Searching for the next Einstein? Perhaps he's a Boy Scout. Hoping to inspire a new generation of scientists, engineers, and mathematicians, Azusa Pacific University hosted more than 300 San Gabriel Valley Boy Scouts for a day of interactive learning at the Segerstrom Science Center. The first annual STEM (Science, Technology, Engineering, and Math)/Nova Day, on Jan. 18, 2014 offered area scouts a memorable way to earn a merit badge or belt loop.
Transformed into a bustling and fascinating hub for Boy Scouts to experiment, interact, and learn, APU faculty and staff held numerous STEM–related activities throughout the day. Scouts built robots and entered their creations into battle competitions. They experimented with electricity. Others donned goggles and gloves to explore chemical and physical change. Scouts watched as Caleb Wagner ’15 demonstrated implosions through pressure. Everywhere flurries of scientific discovery translated into learning. “This event introduced kids to science and college in a way that captured their interest,” said Bradley “Peanut” McCoy, Ph.D., associate professor of mathematics and physics. “The fun atmosphere was contagious and faculty enjoyed ourselves, too!”
As Ryan, an 8-year-old, third grade Cub Scout fiddled with the mouse trying to make a man fly as far as possible, he spoke of computer games as his favorite part of the day. Seventh grader Justin, 12, said he, “loved making [scale models] of molecules because I like putting things together.”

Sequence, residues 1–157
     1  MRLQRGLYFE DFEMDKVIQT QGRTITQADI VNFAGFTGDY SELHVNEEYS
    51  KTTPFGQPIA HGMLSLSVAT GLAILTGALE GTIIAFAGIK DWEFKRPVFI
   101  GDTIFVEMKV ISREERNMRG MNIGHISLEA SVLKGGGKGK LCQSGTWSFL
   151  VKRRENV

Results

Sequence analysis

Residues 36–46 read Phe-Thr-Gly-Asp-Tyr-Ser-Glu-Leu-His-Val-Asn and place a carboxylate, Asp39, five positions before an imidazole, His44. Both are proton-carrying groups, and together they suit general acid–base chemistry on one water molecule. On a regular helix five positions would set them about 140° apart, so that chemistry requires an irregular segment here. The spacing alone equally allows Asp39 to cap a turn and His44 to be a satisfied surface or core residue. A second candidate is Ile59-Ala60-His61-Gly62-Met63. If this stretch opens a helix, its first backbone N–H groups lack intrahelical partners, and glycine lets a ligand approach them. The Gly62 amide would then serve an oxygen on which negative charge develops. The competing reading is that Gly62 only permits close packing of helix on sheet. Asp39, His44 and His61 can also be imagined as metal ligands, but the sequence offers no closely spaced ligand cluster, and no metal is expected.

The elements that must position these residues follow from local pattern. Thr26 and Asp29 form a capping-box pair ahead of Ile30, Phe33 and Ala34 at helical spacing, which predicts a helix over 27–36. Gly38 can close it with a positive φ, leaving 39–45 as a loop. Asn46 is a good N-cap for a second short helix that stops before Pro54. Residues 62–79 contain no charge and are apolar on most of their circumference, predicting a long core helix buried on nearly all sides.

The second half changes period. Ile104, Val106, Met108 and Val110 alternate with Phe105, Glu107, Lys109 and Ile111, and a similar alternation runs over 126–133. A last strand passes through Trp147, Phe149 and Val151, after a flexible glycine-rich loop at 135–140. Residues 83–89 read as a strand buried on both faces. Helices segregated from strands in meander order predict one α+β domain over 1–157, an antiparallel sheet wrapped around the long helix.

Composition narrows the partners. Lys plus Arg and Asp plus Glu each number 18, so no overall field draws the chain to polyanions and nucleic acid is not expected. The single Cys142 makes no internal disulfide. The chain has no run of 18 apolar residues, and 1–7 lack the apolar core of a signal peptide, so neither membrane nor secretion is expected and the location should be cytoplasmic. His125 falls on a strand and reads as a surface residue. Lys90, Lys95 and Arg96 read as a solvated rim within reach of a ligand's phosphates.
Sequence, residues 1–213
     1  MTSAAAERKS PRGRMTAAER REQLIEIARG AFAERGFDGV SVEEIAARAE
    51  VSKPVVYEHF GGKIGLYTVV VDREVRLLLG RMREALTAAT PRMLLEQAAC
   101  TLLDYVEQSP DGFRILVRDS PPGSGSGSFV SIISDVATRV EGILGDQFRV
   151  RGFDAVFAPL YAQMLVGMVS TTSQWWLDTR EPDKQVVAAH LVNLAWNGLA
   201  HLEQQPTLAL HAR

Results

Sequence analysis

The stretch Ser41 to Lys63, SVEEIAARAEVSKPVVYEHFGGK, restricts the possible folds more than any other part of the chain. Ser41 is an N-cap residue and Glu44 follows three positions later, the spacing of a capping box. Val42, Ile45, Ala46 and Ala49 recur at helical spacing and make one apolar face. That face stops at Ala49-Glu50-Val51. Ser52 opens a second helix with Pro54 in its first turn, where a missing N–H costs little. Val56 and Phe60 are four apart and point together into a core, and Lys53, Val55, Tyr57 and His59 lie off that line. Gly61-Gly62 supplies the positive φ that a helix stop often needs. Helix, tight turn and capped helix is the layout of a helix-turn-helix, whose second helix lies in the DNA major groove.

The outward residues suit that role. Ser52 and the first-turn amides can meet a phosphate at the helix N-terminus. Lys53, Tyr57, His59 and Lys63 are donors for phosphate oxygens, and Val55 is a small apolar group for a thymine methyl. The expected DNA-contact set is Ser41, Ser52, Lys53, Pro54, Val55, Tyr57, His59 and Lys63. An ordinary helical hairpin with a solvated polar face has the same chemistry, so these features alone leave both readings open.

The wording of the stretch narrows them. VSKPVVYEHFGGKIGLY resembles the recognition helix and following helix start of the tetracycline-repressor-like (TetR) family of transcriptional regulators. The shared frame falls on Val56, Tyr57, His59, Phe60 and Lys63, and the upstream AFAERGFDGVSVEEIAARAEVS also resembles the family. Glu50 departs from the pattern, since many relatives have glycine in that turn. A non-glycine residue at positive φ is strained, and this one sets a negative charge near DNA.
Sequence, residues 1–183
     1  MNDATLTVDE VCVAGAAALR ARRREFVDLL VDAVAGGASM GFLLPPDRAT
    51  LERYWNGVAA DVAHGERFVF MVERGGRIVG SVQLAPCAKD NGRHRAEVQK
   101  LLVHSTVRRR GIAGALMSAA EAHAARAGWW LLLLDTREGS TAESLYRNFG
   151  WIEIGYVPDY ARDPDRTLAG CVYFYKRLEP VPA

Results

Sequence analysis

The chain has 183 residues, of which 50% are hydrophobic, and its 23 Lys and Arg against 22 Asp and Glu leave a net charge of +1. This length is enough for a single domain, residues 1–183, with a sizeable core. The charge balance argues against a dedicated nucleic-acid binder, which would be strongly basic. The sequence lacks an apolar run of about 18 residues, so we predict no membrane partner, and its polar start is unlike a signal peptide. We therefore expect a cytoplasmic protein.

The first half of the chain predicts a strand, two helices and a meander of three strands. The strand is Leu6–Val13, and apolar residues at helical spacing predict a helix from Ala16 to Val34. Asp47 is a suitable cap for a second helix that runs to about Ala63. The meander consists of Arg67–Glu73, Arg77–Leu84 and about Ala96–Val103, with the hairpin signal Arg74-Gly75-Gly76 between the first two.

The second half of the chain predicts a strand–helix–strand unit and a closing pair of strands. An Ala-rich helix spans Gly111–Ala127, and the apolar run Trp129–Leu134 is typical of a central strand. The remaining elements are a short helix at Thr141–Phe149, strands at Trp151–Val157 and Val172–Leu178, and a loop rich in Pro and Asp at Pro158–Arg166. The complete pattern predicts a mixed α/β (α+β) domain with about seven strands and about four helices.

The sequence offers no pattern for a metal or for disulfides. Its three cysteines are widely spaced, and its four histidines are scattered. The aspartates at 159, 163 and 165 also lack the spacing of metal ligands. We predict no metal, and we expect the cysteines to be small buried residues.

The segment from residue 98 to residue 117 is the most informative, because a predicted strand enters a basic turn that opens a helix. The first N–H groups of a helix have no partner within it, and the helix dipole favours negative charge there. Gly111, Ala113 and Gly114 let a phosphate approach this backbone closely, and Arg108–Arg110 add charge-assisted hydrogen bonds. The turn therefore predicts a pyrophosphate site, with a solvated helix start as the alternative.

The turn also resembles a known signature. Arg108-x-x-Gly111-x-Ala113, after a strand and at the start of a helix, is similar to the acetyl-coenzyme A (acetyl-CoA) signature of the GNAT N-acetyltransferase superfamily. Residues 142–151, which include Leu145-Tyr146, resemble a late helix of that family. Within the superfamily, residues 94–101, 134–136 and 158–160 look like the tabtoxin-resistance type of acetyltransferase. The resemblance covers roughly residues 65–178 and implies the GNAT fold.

Cindy Sercel, a troop leader, expressed gratitude for all that STEM/Nova Day offered. “The scouts experienced so many phenomenal opportunities in one location, while connecting with the college campus itself,” she said.
Scouts attending the event qualified for an STEM pie pin award, as part of the Boy Scouts of America STEM/Nova Award. The program aims to stimulate interest in STEM-related fields and demonstrates how science, technology, engineering, and mathematics apply to everyday life.
According to the U.S. Department of Labor, 10-year employment projections show that of the 20 fastest-growing occupations projected for 2014, 15 of them require significant mathematics or science preparation. “Education and careers in STEM are the future,” said the event’s coordinator, Dave Landers, director of education and community outreach, Special Collections, Darling Library. “The Boy Scouts and APU recognize that our young people need strong STEM skills to complete in a global market that is increasingly competitive.”